The same writer gives us some of Mr. Chute's repartees. "Sir John Cope, who professed Radical politics, once wrote to him that he had a litter of five dogs in that year's entry, whose names had all pretty much the same meaning, for they were Placeman, Parson, Pensioner, Pilferer, and Plunderer. But the Tory squire, with ready invention, retorted that he would show him a litter of which the five names were equally synonymous, being Radical, Rebel, Regicide, Ruffian, and Rascal."

Miss Austen has mentioned "the Portals" as being present at the Assembly balls. There were two brothers of that name, Mr. William Portal of Laverstoke House, and Mr. John Portal of Freefolk Priors - both owning large landed property. They belonged to the Huguenot family of de Portal who fled from France on the revocation of the Edict of Nantes. Henri, the ancestor of the Hampshire Portals, who was a child at the time, was protected by a faithful nurse and escaped from Bordeaux concealed in a wine cask, placed on board a fishing boat. He reached Southampton, where many of the French refugees were employed in the art of paper-making. Later on he, himself, established the paper-mill at Laverstoke, and in 1724 obtained [Page 66]  from the Bank of England that privilege of manufacturing their note-paper which is still held by his descendants of the fourth generation.

We have visited Laverstoke Park, which lies on undulating ground between Overton and Whitchurch. Its magnificent trees have been planted by many generations of Portals. The little river Test runs through the park, a clear and rapid trout stream.

Mr. John Harwood was one of the Harwoods of Deane, "an old family with some racy peculiarities of character. It has been supposed that Fielding took the idea of his Squire Western from the John Harwood of his day; and as Fielding used to visit at Oakley Hall it is not improbable that some features of his immortal Tory Squire might have been copied from this original."[1]

The old Manor House of Deane, the home of the Harwoods, has already been spoken of. It is built of dark red brick and has white window frames and a white porch. Deane Lane divides its beautiful grounds from those of the old rectory which formerly stood at a little distance behind a thatched mud wall. The mud wall is still standing and behind it lies a sunny fruit and flower garden, but the old rectory, the home for seven years of Mr. and Mrs. George Austen, has long since [Page 67]  disappeared. At the time we are writing of, it was inhabited by Jane Austen's eldest brother James and his family.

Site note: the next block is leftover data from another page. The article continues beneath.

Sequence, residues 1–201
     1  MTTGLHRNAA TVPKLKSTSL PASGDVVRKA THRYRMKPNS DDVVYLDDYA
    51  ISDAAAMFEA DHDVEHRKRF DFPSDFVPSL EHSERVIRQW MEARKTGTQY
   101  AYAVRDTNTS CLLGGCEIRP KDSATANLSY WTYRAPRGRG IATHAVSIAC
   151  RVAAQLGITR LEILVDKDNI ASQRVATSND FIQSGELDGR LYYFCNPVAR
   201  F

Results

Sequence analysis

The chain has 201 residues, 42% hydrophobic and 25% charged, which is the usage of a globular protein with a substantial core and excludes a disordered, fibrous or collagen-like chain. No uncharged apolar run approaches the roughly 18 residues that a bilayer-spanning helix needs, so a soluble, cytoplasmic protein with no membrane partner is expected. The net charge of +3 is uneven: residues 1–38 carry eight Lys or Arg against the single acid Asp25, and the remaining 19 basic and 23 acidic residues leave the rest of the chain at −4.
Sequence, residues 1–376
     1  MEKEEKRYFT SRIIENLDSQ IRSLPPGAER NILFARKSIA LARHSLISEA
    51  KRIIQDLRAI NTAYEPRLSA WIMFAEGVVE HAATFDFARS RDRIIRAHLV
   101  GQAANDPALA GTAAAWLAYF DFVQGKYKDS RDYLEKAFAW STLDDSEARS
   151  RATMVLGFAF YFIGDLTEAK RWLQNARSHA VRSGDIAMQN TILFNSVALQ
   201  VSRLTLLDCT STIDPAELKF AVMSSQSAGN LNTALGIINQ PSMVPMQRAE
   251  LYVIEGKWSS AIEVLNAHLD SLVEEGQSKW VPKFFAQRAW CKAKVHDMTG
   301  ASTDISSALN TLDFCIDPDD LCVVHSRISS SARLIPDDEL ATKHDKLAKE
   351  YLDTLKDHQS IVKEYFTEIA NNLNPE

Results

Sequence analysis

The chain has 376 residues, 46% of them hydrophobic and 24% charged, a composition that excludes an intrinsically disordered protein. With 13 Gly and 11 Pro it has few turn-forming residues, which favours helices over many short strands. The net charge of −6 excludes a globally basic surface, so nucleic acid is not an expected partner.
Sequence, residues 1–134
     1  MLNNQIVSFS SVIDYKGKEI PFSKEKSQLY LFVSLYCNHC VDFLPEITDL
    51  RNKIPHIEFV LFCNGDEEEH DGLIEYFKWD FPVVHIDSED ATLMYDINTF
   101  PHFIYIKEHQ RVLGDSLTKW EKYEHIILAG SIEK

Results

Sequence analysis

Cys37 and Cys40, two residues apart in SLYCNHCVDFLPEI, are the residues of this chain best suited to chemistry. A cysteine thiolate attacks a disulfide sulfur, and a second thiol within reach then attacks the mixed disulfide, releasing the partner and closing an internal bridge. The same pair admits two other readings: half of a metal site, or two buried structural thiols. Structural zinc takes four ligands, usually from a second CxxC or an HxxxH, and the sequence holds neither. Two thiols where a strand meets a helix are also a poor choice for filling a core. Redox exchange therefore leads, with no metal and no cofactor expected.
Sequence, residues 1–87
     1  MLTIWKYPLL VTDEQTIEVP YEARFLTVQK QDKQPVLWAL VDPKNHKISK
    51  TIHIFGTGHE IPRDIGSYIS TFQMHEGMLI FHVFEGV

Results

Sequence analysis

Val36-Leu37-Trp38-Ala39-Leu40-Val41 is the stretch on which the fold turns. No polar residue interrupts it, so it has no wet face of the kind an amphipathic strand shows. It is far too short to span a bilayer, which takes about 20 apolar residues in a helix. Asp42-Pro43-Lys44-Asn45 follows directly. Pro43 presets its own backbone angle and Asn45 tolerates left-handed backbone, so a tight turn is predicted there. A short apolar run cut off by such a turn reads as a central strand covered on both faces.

Early in January 1796, a ball was given at Deane House, which Jane describes in a letter to her sister. We have seen the room where the dancing must have taken place. Its walls are


panelled and painted white and it has a grand Jacobean chimney-piece which reaches to the ceiling. The floor is of polished wood. Two windows, deeply recessed in the thickness of the wall, look out on to the park with its waving trees.

At the "Harwood's ball" Jane was somewhat in the position of her own Catherine Morland at the Cotillion ball in Bath, desirous [Page 68]  to escape from one gentleman and to be free to dance with another. "To my inexpressible astonishment," she writes, "I entirely escaped


John Lyford. I was forced to fight hard for it, however." Was John Lyford, we wonder, borne away from Jane, as his namesake was borne away from Catherine, "by the resistless pressure of a long string of passing ladies"? [Page 69] 

The attractive gentleman on this occasion was a Mr. Tom Lefroy, a nephew of the Rector of Ashe.